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Christianity’s Five Most Countercultural Virtues

Christianity’s Five Most Countercultural Virtues

Many Christians present the Gospel to non-believers using a strategy that emulates the secular world. They adopt trends, styles and behaviors to repackage biblical truths to fit cultural norms.

This isn’t all bad—and is sometimes even necessary for the advancement of the Gospel—but cultural accommodation can become so idolized that Christianity loses its uniqueness. But, the core of our faith produces characteristics that are entirely unique.

Here are five Christian virtues that continue to be radically countercultural:


“If we hope for what we do not see, we wait for it with patience” (Romans 8:25 ).

In a world obsessed with real-time data, fast-developing news stories, viral momentum and constant movement, it’s become increasingly hard to wait—simply to be still.

Being patient is a countercultural act of trusting in God and accepting the fact that some things are beyond our control.

When our society values continuous work, efficiency, action and interaction while also trivializing rest, silence and stillness, it can be increasingly difficult to step away from everything. Unplugging, taking a break, waiting and listening for God to speak is a surprisingly radical accomplishment.


“Blessed are the meek, for they shall inherit the earth” (Matthew 5:5 ).

We live in a noisy culture that rewards those who are the loudest, most flamboyant and noticeable. Rants, arguments, yelling and splashy disruptiveness are the new norm.

Even the Christian message has been co-opted by arguing factions fighting to become the most powerful, influential and visible, but through this process they prove themselves to be an ordinary and mediocre variation of the world around them.

Sensationalism is how our society markets, advertises and communicates within an environment that values fame, recognition and attention.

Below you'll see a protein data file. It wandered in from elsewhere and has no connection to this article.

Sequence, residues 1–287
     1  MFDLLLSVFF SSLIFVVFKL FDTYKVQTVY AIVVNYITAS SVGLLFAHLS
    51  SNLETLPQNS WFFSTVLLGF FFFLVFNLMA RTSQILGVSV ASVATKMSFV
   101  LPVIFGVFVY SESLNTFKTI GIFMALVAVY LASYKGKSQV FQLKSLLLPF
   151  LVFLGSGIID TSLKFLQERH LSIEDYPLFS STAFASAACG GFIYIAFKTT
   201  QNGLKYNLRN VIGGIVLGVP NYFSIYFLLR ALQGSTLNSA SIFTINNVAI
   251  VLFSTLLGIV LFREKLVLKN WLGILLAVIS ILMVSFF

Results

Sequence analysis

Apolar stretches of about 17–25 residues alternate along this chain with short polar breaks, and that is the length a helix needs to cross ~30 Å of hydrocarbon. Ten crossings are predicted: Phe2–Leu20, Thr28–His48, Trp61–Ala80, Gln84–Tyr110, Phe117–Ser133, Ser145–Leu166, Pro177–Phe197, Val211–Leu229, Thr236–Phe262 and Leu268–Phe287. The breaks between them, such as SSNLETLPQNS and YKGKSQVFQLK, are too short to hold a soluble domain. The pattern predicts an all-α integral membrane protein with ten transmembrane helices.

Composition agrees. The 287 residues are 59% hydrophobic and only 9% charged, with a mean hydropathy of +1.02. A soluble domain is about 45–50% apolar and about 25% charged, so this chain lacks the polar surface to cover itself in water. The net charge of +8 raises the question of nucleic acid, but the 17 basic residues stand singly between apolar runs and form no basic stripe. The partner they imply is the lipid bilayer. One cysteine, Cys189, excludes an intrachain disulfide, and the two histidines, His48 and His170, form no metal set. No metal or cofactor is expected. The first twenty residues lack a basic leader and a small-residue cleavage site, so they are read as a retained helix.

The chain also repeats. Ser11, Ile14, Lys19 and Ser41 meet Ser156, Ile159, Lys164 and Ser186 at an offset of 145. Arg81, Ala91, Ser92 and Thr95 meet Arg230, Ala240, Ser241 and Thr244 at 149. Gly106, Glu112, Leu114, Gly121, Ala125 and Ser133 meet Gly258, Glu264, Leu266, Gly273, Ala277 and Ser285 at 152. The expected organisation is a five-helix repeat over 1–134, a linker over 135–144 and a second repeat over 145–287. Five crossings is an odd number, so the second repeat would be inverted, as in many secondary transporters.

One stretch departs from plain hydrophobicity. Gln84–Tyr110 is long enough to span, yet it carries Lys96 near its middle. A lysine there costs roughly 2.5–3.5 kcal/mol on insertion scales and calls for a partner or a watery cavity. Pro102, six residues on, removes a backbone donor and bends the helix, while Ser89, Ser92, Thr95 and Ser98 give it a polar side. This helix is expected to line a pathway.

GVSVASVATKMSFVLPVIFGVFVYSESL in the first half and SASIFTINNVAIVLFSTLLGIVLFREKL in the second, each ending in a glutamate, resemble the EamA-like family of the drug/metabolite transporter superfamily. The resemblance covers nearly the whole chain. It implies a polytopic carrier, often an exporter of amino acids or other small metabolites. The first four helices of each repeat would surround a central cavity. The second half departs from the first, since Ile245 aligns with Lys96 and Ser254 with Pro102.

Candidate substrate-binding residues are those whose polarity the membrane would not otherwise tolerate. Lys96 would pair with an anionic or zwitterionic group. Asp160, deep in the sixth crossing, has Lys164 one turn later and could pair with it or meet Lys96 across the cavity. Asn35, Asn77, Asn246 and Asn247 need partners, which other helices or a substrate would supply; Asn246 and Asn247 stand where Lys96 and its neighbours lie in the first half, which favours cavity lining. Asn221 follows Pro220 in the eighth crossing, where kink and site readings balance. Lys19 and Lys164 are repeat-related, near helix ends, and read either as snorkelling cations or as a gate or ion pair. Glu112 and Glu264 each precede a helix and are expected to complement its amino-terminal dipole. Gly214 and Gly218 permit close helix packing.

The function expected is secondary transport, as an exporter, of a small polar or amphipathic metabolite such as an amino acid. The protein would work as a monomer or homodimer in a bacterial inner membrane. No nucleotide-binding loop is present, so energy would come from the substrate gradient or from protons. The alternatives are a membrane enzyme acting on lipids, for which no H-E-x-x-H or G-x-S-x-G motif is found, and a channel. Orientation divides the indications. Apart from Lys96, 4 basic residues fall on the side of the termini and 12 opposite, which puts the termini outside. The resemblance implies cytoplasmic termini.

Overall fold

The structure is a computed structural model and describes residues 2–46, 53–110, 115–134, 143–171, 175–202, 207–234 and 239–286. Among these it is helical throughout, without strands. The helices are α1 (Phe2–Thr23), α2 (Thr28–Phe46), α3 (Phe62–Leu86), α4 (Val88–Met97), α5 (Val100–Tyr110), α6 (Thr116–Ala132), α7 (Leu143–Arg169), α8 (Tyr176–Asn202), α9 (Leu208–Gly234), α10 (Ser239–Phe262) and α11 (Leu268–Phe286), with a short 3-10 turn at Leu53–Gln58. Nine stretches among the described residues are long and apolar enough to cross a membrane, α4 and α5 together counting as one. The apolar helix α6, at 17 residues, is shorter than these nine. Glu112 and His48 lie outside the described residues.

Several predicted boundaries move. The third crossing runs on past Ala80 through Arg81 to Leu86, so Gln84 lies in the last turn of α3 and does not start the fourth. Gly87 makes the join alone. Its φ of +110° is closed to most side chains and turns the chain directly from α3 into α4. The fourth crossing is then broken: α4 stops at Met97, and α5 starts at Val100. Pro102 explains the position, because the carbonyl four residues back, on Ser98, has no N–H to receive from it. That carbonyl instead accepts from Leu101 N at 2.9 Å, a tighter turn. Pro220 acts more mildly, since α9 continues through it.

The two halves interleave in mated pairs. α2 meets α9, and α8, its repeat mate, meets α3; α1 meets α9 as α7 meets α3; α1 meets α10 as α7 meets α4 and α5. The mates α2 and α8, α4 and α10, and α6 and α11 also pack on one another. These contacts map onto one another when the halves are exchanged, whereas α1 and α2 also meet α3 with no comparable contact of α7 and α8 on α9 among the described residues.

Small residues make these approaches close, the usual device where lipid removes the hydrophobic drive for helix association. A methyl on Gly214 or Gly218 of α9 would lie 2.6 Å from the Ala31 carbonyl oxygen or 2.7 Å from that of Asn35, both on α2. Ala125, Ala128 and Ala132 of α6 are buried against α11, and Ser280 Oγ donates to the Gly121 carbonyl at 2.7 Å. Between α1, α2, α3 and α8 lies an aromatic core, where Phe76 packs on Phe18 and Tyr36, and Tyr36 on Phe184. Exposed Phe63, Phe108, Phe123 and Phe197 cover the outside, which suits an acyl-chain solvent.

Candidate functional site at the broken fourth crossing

But meekness isn’t a form of weakness. It’s actually a unique source of strength, allowing people to not be susceptible to populist hate, mainstream rage, reckless hyperbole, irrational fear, foolish violence, ignorant propaganda, racist rhetoric and systemic injustice.

Being gentle and quiet within a frenzied civilization that’s quick to judge, accuse, worry and destroy allows us to center ourselves upon God. Meekness proves itself by working and serving without seeking personal recognition while simultaneously glorifying God—a profoundly extraordinary act of worship.


“For everyone who exalts himself will be humbled, and he who humbles himself will be exalted” (Luke 14:11 ).

Technology and social media have enabled us to present a gilded mirage of ourselves, consisting of edited photos, perfect quotes, fun experiences and opinionated posts.

We are constantly told to be unapologetically bold, proud and unashamed of our beliefs and behaviors. But it’s easy to be egotistical and arrogant about our political views, theological positions, religious traditions and social worldviews.

Rarely are we taught to respectfully listen, obediently learn, politely dialogue, genuinely apologize or admit we were ever wrong. Acknowledging our faults, embracing our limitations, and living with a humble attitude require uncommon self-control and bravery.

Humility remains a remarkable trait within a celebrity culture that reveres fame and continually stresses the value of exalting our own ego.


“May the God of hope fill you with all joy and peace in believing, so that by the power of the Holy Spirit you may abound in hope” (Romans 15:13 ).

After relationships have failed us, communities have hurt us, institutions have betrayed us, organizations have manipulated us, governments have disappointed us and religions have damaged us, it’s hard not to be cynical and pessimistic about pretty much everything.

But for those who have an attitude of hope inspired by Jesus, there’s a sense of meaning, purpose and optimism toward life. This hope, despite the chaos of an ever-changing world around us, anchors us to Christ—allowing us to navigate through life even though it’s filled with uncertainty.


“Now faith is the assurance of things hoped for, the conviction of things not seen” (Hebrews 11:1).

In an infinitely complex universe filled with unlimited perspectives, it’s hard to believe in anything. Thus, it’s becoming less common for people to hold passionate convictions about any person, thing, idea or philosophy.

Faith doesn’t mean there’s an absence of doubt, mystery, or complexity, but it allows you to have confidence in something—a relationship with someone. To invest your trust and hope in any one thing is notable enough, but to have faith in an unseen, unquantifiable, supernatural God is one of the most countercultural acts imaginable.

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